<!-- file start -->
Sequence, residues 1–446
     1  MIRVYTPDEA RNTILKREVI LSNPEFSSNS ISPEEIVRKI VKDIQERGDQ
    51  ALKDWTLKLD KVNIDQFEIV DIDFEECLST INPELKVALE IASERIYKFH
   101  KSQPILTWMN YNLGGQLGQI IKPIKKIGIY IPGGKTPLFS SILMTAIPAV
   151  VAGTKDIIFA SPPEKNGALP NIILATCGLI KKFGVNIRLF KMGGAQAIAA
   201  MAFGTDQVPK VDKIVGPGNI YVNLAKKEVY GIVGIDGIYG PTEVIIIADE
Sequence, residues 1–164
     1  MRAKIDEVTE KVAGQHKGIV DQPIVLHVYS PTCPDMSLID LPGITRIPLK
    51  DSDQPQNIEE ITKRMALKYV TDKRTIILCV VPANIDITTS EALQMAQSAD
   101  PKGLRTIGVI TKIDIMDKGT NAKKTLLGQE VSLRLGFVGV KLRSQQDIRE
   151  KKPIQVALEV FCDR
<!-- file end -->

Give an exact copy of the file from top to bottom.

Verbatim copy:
Sequence, residues 1–446
     1  MIRVYTPDEA RNTILKREVI LSNPEFSSNS ISPEEIVRKI VKDIQERGDQ
    51  ALKDWTLKLD KVNIDQFEIV DIDFEECLST INPELKVALE IASERIYKFH
   101  KSQPILTWMN YNLGGQLGQI IKPIKKIGIY IPGGKTPLFS SILMTAIPAV
   151  VAGTKDIIFA SPPEKNGALP NIILATCGLI KKFGVNIRLF KMGGAQAIAA
   201  MAFGTDQVPK VDKIVGPGNI YVNLAKKEVY GIVGIDGIYG PTEVIIIADE
Sequence, residues 1–164
     1  MRAKIDEVTE KVAGQHKGIV DQPIVLHVYS PTCPDMSLID LPGITRIPLK
    51  DSDQPQNIEE ITKRMALKYV TDKRTIILCV VPANIDITTS EALQMAQSAD
   101  PKGLRTIGVI TKIDIMDKGT NAKKTLLGQE VSLRLGFVGV KLRSQQDIRE
   151  KKPIQVALEV FCDR